The SRM could only refund a few medium- sized financial institutions. According to Willem Buiter, chief economist for Citi, €1 trillion is needed; according to OpenEurope, between €500 and €600 billion – in any case at least 10 times the amount of the future fund. Moreover, the “too-big-to-fail” problem remains unsolved. If the resolution fund is not well furnished and/or the system is too complex to be efficient and credible, incentives are not sufficient to alter banks risk-taking behavior.

Ignatowski and Korte (2014) observe a threshold-effect: the introduction of the OLA in the US had a significant effect on the overall risk-taking in the banking sector, just not for the largest and most systematically important banks. Laeven et al. (2014) found that the six largest banks (Citigroup, HSBC, etc.) have a distinct, seemingly risky business model: they have lower capital, less stable funding, more market-based activities and are more organizationally complex than smaller banks.

These banks create most of the systemic risk in the current financial system through negative externalities for both financial markets and the real economy. Thus the design of the banking union might need to be complemented with other ex-ante measures to limit large and complex financial institutions’ risk-taking.

In addition, a lot of important data required for the analysis of monetary policy are not available. In particular, much of the data needed to track systemic risk is not published, notably the international dimension and linkages between banks (see Cerutti et al. (2011). In the aftermath of the financial crisis, world decision makers are leading in the dark.

Recent initiatives that aim to improve aggregate banking statistics and gather better institution-level data are welcome, but the complexity of the system means that required data will not be available for some time, notably data concerning shadow banking. The IMF and FSB have jointly issued a report to the G20 finance ministers and central bank governors recommending the creation of a common reporting template for globally systemically important financial institutions (G-SIFIs). Since we do not know how long this transparency and information sharing process will take, the efficiency of the Banking Union’s decisions is presently hindered by this lack of data. The Banking Union seems to be a step in the right direction; in case of financial distress in the banking sector, countries should not be jeopardized, leaving taxpayers to pay the bill.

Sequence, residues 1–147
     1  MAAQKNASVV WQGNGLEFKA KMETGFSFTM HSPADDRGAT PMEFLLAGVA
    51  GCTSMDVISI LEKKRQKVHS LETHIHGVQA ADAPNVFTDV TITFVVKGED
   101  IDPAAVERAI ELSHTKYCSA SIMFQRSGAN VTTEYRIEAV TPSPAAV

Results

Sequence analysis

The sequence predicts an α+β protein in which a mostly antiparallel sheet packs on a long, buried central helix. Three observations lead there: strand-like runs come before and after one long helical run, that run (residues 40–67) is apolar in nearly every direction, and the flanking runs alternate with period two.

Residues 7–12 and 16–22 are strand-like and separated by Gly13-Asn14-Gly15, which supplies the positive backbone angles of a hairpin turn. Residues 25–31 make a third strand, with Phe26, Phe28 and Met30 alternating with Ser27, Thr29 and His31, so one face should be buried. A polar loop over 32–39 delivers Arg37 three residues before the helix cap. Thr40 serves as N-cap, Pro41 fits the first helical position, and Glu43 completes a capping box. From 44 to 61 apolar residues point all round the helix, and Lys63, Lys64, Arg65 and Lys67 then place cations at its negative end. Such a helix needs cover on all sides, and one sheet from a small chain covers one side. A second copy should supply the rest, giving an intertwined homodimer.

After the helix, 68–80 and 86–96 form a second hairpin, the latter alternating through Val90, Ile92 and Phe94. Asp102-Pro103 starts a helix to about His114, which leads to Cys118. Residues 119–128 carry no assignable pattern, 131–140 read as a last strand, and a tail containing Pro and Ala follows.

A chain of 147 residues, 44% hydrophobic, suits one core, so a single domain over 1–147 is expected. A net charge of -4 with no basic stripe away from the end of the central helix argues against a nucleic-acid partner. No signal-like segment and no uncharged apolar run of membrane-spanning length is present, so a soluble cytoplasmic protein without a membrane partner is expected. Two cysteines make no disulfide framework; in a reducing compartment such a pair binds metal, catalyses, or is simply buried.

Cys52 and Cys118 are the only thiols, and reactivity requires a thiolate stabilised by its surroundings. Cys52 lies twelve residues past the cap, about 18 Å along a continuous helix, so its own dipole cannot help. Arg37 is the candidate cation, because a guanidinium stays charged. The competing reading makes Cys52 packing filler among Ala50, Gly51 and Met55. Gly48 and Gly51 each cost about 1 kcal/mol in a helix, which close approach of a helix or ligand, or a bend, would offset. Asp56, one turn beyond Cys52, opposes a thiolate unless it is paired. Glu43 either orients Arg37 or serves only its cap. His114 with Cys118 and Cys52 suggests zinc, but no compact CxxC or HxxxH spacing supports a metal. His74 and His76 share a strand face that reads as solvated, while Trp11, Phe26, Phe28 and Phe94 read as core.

However, doubts arise on its ability to mitigate future spillovers, notably due to a credibility issue: is a resolution fund of €55billion sufficient to backstop a banking sector of more than €30 trillion? What will really happen if banks do not meet solvency requirements? So far it is hard to judge, but one will soon be able to do so when first resolutions are made.

References: Angelini, P., Grande, G., Panetta, F., 2014. “The negative feedback loop between banks and sovereigns” Bank of Italy Occasional Papers, No. 213 Cerutti, E., Claessens, S., McGuire, P., 2011. “Systemic Risks in Global Banking: What Available Data Can Tell and What More Data are needed?” IMF Working Paper, 11/222 Goyal, R., Brooks, P. K., Pradhan, M., Tressel, T., Del’Arricia, G., Leckow, R., Pazarbasioglu , C., 2013. “A Banking Union for the Euro Area” IMF Staff discussion note Ignatowski, M., Korte, J., 2014. “Wishful thinking or effective threat? Tightening bank resolution regimes and bank risktaking” ECB Working Paper Series No. 1659 Laeven, L., Ratnovski, L., Tong, H., 2014. “Bank size and systemic risk”, IMF Staff Discussion Note 14/04